Our prospective trip to Houston over Columbus Day Weekend is off.
While Andrew and I were in Minnesota over Labor Day Weekend, Andrew’s parents and Andrew and I had talked about traveling to Houston that particular weekend in order to see the two German Impressionism exhibitions at Houston’s Museum Of Fine Arts. We had planned to make a decision whether to travel to Houston in the two weeks following Labor Day.
We were delayed in making a decision—apparently, we are ditherers—and a decision was not reached until tonight.
Our decision is not to go to Houston.
Other than visiting the Houston Museum Of Fine Arts, we could find nothing in Houston that interested us that weekend—and we decided that it was not worth traveling to Houston from Boston and Minneapolis solely to visit an art museum, no matter how much we wanted to see the German Impressionism exhibitions.
From what we have been able to ascertain, the only review of the German Impressionism exhibitions in Houston has been the review that appeared in The Houston Chronicle. The Wall Street Journal and The New York Times have not covered the exhibitions, a startling oversight, and neither have any other American newspapers (even the newspapers in Austin and Dallas failed to send their art writers to Houston to write about this historic event).
When the German Impressionism exhibitions now on display in Houston were on view in Cologne earlier this year, virtually every newspaper in Europe covered the exhibitions in detail. The art press in the United States, however, is virtually ignoring the event—and Andrew insists that this is because American art writers are simply ignorant about German art.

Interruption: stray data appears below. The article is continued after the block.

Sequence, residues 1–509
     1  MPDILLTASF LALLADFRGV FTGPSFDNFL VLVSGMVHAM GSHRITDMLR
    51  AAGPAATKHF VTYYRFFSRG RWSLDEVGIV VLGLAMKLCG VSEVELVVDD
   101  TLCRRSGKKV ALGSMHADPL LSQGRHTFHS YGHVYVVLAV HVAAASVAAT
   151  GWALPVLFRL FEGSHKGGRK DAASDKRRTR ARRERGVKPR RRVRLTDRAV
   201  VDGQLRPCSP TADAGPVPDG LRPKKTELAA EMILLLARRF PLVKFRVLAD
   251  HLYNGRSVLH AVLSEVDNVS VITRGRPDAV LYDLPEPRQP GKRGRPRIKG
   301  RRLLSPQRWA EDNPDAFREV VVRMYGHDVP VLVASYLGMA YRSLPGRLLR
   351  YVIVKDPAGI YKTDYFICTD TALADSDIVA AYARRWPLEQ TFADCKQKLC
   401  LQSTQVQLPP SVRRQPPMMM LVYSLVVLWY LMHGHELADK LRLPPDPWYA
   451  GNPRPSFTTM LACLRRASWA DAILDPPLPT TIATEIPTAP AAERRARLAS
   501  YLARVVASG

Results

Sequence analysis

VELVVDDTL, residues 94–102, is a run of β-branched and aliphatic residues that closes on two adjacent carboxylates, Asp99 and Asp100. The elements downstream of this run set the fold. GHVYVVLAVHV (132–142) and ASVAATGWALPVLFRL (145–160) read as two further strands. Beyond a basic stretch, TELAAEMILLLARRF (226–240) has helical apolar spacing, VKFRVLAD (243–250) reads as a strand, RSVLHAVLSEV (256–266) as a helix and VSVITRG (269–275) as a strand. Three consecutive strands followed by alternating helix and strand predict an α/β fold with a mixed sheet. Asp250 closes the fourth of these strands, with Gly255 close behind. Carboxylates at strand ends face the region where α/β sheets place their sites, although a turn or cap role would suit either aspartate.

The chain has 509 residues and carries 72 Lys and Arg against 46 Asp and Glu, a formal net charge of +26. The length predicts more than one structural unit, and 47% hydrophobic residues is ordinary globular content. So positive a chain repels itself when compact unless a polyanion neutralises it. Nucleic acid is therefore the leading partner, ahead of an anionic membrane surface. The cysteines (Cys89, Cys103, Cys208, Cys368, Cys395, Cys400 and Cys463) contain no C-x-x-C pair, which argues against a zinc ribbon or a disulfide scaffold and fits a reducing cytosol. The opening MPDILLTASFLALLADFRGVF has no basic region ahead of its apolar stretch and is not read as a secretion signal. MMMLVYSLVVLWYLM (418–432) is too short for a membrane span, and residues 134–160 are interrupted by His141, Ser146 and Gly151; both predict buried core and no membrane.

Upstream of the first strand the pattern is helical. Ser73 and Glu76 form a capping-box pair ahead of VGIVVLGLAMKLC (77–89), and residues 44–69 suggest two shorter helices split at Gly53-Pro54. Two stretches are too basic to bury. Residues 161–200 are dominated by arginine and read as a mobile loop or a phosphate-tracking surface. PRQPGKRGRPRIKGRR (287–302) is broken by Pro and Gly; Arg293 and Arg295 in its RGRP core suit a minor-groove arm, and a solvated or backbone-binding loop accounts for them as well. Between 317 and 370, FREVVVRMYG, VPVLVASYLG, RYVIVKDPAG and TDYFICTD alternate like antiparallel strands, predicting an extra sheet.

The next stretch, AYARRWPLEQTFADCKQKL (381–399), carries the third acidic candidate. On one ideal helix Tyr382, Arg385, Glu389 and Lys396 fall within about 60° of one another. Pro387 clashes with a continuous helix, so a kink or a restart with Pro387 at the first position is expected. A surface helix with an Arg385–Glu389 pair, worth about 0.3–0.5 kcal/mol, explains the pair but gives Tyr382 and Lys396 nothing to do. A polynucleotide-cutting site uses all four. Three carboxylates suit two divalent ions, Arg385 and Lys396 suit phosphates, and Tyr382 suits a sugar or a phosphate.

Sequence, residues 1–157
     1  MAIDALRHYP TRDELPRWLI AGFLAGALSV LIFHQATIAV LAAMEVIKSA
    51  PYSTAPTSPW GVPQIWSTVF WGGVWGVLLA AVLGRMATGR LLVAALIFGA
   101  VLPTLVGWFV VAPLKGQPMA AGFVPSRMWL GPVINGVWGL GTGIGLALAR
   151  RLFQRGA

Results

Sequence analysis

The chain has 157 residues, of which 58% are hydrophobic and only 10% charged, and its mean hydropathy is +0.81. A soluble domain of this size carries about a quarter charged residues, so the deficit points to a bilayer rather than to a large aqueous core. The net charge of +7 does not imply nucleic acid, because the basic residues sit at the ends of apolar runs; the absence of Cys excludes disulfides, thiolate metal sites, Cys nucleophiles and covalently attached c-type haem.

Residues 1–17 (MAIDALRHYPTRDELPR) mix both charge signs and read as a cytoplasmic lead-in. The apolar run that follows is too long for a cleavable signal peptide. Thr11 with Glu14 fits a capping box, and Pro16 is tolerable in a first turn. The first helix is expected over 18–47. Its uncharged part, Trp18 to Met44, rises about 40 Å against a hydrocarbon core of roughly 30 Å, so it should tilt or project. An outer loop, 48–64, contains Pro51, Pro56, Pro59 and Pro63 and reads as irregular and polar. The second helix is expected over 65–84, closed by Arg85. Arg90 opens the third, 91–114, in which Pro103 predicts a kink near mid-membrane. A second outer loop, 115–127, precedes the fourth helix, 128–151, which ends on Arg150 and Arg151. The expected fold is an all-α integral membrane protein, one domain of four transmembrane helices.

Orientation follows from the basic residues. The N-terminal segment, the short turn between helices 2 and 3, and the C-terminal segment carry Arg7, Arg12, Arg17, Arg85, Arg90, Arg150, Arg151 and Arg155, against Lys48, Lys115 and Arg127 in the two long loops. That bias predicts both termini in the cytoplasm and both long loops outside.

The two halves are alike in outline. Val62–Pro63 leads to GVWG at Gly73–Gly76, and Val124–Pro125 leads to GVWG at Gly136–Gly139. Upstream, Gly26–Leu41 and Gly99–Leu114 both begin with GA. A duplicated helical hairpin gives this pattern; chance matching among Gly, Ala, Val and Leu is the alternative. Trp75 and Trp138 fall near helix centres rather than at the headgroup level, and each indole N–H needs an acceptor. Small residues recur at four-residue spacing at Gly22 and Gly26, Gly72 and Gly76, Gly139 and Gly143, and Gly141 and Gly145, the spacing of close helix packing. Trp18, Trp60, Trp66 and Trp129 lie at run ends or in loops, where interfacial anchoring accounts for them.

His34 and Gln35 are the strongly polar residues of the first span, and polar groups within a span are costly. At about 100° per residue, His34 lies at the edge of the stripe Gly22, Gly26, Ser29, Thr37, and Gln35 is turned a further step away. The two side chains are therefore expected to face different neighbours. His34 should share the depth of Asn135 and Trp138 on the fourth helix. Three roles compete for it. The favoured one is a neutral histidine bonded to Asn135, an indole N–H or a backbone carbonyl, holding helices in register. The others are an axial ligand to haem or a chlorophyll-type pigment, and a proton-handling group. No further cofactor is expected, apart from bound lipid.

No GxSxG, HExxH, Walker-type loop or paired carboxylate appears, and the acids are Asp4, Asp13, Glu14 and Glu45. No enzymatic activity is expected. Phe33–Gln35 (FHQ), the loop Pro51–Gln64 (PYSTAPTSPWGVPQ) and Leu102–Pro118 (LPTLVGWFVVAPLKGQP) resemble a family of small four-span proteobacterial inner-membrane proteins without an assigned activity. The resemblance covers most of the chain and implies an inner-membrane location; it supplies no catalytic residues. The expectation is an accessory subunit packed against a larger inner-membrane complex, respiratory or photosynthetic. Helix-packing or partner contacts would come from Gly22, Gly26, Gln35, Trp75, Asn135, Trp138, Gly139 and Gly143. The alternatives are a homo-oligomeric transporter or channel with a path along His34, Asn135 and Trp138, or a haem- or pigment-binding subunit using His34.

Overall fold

It is possible that we may yet try to find a different weekend to make a quick trip down to Houston in order to attend the exhibitions, but that eventuality is, admittedly, very unlikely.
Unlike last year, there will be no classes on Columbus Day this year at law school, and Andrew and I would like to take advantage of the situation and go somewhere that weekend.
We are in the process—right this very minute—of looking at things to do and see that particular weekend in Cincinnati, Detroit and Pittsburgh. We chose those three cities because they are roughly midway between Boston and Minneapolis, and should have good flight connections for Andrew’s parents and for Andrew and me.
We no longer have the luxury of dithering, and must make a decision in the next 24 or 48 hours.
Andrew’s parents and Andrew and I are not the only ditherers on the planet.
There are some persons down in Oklahoma and Texas who need to decide—and decide without too much additional delay—whether this year’s Thanksgiving celebrations will be held in Oklahoma or Dallas.
Persons in Boston and Nashville need to book flights—and airlines, for some reason, are somewhat persnickety about allowing travelers to book flights when those very same travelers do not know their final destinations.